So, I've been carving for 2 or 3 or so years, this past spring I stumbled across the Flat Plane forum on WCI, and got hooked. It took a while to figure out what the style entails, I did not find much in the way of definitions or directions- plenty of examples to be had though. I wrote a blog in April 2010 on FP, it's short and incomplete, take a look anyway if you haven't already.
So from here on in your are going to get my interpretation on what I've seen and thought for the last 6 months as I tried to practice Flat Plane Whittling. My first attempts sucked, yours may too, it takes time and practice to change the way you look at what you are whittling. Keep at it, it's worth it.
Some say Flat Plane carving, I say whittling, because the fp style is done with a knife only. If you've been whittling a while, you know that every knife has limitations- there are some cuts you can't do with one knife, or one knife does one cut or set of cuts better than another. There's no sanding, no gouges, no vee tools. So the first rule- embrace the knife and it's limitations.
FP doesn't try to imitate reality, but rather represent reality. Legs and arms aren't round in section, they are faceted, typically 6 or 8 sided. Clothing folds are represented by vee cuts and points, not flowing rounded surfaces. An elbow or knee might be a vee cut in the back and a 'mountain' on the front. Shoes aren't rounded, they're squares with the corners knocked off. Eyes are usually a chip cut or a combination of chip and vee cuts- no lids, eyeballs, irises, pupils. Simpler is better. Rule 2- imagination required.
Rule 3- symmetry is not required. Legs should not be 6 equal facets, or 3 pairs of facets. Make some smaller, some wider, taper them unevenly or reverse the taper top to bottom. Angles don't need to be the same, or even close. We don't want to make tinker toys, or robot men.
Last rule for now- not all cuts in FP are flat! Surprise! Round is fine, and you'll need it. Concave cuts will be limited by your knife (see rule 1), convex curves not so much.
So lets add in some visual aids. You've all seen Roman Gnome- currently in Maryland, working for his keep I think.
His pockets are defined by a couple vee notches, not symmetrical, not the same size. The toes of his shoes use 5 or six cuts to turn a half circle, they're not the same size (just close) and they don't match. The front half of his hat is composed of three planes. His beard is faceted, the section below his mouth is curved tho, and the only 'detail' in his beard is the off center vee cut in the bottom. His knees are sharp angles, the legs are separated by another vee. His cheeks aren't rounded off, neither is his nose. he doesn't even have eyes, just deep pits under his hat, but you wouldn't doubt they are there, would you? The curves I did use are finished with a single knife cut, some of the facets on his shoes are curved, the bent over point on his hat is curved.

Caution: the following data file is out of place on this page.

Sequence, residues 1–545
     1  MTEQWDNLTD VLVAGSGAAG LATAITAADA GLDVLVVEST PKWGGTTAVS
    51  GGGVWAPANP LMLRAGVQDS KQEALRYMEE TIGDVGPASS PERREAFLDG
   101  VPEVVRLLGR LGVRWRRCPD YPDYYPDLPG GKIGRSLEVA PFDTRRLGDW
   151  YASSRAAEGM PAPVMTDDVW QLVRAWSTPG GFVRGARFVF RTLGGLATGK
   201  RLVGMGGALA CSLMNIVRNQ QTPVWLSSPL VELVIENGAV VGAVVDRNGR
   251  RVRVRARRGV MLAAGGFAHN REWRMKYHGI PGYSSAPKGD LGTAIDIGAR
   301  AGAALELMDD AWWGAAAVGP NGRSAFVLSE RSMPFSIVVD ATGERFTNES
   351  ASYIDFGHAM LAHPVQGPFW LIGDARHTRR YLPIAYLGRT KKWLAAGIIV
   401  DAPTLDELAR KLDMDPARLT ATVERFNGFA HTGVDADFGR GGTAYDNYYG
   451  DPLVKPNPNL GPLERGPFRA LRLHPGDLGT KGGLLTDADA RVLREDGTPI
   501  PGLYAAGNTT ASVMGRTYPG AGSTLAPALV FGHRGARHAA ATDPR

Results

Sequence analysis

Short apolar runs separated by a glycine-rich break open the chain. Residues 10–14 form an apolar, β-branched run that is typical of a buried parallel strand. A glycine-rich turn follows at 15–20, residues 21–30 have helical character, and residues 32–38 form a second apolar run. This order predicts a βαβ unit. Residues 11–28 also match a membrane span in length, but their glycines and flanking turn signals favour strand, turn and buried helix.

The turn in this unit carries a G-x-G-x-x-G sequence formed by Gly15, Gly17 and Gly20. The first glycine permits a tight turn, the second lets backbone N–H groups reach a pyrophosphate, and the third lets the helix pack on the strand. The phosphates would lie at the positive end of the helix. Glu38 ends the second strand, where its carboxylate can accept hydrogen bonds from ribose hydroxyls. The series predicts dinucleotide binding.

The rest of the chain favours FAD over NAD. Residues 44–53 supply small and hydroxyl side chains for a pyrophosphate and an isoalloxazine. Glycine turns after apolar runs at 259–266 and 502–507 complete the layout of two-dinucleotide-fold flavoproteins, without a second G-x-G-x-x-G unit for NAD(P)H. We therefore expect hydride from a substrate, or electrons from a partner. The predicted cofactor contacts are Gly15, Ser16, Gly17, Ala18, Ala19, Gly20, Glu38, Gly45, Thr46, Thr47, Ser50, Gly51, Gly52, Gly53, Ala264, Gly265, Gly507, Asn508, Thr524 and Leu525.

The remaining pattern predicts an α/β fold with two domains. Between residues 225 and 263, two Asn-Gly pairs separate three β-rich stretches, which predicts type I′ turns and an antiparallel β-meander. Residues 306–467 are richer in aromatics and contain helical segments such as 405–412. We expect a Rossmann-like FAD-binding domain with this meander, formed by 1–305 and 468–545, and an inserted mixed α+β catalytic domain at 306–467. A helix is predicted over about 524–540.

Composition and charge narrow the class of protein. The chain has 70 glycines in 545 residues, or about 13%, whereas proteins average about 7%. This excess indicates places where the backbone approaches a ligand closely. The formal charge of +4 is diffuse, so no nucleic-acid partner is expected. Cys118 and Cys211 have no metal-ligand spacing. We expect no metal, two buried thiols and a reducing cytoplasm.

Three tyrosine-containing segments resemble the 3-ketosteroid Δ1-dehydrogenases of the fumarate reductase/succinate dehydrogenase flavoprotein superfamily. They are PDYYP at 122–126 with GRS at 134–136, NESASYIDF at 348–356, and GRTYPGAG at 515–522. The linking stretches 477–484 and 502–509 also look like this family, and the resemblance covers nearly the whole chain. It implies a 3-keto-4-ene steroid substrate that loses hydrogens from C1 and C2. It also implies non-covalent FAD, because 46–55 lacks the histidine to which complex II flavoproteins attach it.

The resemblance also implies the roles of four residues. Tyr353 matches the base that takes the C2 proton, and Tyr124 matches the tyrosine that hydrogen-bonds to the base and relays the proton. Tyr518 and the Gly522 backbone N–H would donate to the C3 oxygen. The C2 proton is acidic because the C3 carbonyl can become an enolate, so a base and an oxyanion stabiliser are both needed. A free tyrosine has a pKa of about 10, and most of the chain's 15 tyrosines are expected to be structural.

Here's a little reindeer I made a bunch of, I think I took FP to an extreme on him, particularly on his legs. Its easy to see rule 3 tho- take a look at the thigh section (?) of his back legs. They are made of 4 planes (which would be 8 sides on a full round leg), none are the same size, tapers reverse from plane to plane, and the angles are not equal. Below the knee is a vee cut that defines both the bottom of the knee and the top of the ankle (reindeer do have ankles, right? and thighs?) Another vee cut defined the knee and top of the ankle on the front of the back leg. Hooves are all 8 facets, the only thing that separates the hooves from the legs are a series of vee notches- two knife cuts each section.
So you see I didn't whittle a leg- I made a series of vee cuts that give the impression of a leg. It's the location and relation to the rest of the piece that makes you sure it's a leg. Ditto for the hoof- heck, I'm not sure what a hoof looks like, I have no chance of pulling off realism there!
His eyes are little triangular chips, his nose which you can't see, is a pair of vees. His two front legs are separated by a single vee notch from chest to toes. His head is round, but still faceted- think of a cardboard box you over inflated- two sides and the back with the 'corners' knocked off.
I do keep symmetry from the left to the right side of these guys- I do my best to make the front legs the same, but I do not measure. They're close enough. The same for the back legs, and the left & right sides of the body and head. The ears are another story- they're not even close, but I like it like that.
Most of these notches are the result of a series of cuts- not one big chip taken in two cuts (I tried that, and broke a couple little guys). The last cut, thin as newspaper, is a single cut to leave one smooth plane. A sharp knife leaves a smooth finished surface.
Well, its not exactly a tutorial, more of a discussion with examples. I hope its enough to get you started thinking about flat plane whittling, and maybe try to work some of the principles into your next piece.
More on this later, its bedtime now-